Parents and kids are both setting resolutions for the New Year, a new poll says
Parents typically are trying to improve their parenting by exercising more patience and exhibiting more consistency
Chlidren tend to want to improve in school, work on diet and exercise, or try new things
MONDAY, Dec. 18, 2023 (HealthDay News) -- More patience. Less time on phones. Healthier habits. Better grades.
Parents and kids alike are making resolutions for the New Year, setting personal goals for themselves in 2024, a new poll has found.
Nearly three in four parents say they will adopt a resolution or personal goal in the coming year, and over half say their tween or teen child will do the same, according to the University of Michigan Health C.S. Mott Children’s Hospital National Poll on Children’s Health.
“Taking steps to encourage goal-setting is a great way for parents to show their support and confidence in their child,” said Mott Poll co-director Sarah Clark.
Nearly half of mothers and a third of fathers say they’ve made goals to improve their parenting, the poll found.
Of those, more than thee in four want to exercise more patience and more than half want to spend less time on their phone.
About three-quarters of those who set parenting goals said they feel these resolutions make them better parents, and even more believe it’s set a good example for their child regarding personal goals.
“Setting goals to improve parenting can help parents define their values and priorities and have positive effects on the health and well-being of the whole family,” Clark said.
Parents with a very full house of three or more children also are more likely to set goals related to consistency in discipline and family involvement in spiritual activities, compared to parents with fewer children, the poll found.
Some parents also set health-related goals. About half said they want to provide healthier meals and snacks for their families, and more than a third plan to exercise with their kid.
“Our poll suggests that parents often focus on areas they’d like to improve in their parenting approach, including being more engaged, focusing on their own and their child’s health, and supporting their child’s connection to the broader community,” Clark said.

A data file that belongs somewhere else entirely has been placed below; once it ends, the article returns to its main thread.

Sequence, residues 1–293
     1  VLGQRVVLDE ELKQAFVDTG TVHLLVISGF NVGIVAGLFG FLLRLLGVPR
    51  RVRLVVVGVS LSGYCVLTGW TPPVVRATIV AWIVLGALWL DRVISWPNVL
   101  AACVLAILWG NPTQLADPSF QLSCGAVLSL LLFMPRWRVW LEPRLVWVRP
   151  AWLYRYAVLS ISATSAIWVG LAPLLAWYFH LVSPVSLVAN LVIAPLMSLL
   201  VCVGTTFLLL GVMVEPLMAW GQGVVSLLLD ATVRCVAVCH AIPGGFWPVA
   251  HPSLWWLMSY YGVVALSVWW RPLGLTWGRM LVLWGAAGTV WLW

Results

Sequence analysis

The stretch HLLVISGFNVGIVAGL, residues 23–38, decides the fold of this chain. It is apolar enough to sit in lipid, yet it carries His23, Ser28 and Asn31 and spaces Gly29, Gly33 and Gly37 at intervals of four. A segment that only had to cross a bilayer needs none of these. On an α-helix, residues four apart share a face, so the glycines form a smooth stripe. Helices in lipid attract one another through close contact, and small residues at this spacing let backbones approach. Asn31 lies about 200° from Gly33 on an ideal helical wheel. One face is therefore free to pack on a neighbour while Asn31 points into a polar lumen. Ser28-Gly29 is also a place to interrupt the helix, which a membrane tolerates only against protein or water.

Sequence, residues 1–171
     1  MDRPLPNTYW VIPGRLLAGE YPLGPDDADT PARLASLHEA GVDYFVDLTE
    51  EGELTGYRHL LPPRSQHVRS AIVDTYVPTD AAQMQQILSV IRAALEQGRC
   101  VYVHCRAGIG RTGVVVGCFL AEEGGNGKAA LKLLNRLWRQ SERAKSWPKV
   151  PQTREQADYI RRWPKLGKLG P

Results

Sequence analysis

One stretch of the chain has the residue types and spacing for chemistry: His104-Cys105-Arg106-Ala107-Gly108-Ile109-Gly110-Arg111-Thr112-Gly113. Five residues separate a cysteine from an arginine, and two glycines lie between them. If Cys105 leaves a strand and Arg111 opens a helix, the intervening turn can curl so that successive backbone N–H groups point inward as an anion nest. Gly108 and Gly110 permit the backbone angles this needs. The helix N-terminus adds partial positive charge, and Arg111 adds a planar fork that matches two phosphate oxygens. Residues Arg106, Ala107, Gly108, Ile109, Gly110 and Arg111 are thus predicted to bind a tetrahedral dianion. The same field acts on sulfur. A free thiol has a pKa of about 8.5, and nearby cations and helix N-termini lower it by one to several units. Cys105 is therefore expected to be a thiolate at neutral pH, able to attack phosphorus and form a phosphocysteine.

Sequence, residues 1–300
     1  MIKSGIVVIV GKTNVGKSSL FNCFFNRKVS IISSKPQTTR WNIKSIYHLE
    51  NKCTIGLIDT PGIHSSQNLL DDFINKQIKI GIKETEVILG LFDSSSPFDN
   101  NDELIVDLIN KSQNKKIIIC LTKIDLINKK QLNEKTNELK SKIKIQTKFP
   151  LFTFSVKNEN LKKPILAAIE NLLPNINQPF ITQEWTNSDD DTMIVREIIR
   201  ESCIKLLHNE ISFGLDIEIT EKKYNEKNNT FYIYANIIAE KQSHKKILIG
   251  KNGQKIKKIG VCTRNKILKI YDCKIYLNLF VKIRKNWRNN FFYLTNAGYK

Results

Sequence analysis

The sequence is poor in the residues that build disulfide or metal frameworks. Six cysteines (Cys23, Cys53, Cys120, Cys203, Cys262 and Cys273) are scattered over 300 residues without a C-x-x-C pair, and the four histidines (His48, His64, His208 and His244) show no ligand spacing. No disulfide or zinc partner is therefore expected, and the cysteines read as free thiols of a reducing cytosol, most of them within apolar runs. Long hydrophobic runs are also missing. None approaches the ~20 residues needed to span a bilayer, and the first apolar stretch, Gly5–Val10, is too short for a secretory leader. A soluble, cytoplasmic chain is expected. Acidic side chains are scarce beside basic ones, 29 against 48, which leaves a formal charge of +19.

Children between 11 and 18 are very focused on school when it comes to their resolutions. Nearly seven out of 10 resolutions by children are related to grades and school performance, the poll found.
A little more than half of kids want to succeed at a specific activity and more than a third want to try something new, results show.
Roughly two in five are focused on eating right and exercising, and the same proportion is interested in earning money.
Parents say teens ages 15 to 18 tend to set goals around exercise and nutrition, while tweens ages 11 to 14 are more interested in exploring something new.
“Goal-setting helps kids learn to be accountable for their actions and develop a growth mindset,” Clark said. “Parents modeling goal-setting can also teach kids the importance of working toward something and learning from mistakes along the way.”
However, parents differ in the ways they support kids in achieving their resolutions.
Most say they celebrate their child setting a goal, and more than half join their child on working toward their goal. Others help track their kids’ progress, provide financial support or offer a reward for achieving their goal.
Parents might want to help their kids by highlighting specific strategies that will help them reach their goal, Clark said.
“We all know how commonly people set New Year resolutions that fade as the year goes on,” Clark said. “If families are serious about sticking to resolutions, it’s essential to set specific and realistic targets and schedule time to take necessary steps to reach them.”
Harvard Business School has more about New Year’s resolutions.
SOURCE: University of Michigan, news release, Dec. 18, 2024
Parents can help children stick to resolutions by encouraging them, working with the child toward their goal, helping track progress or offering a reward.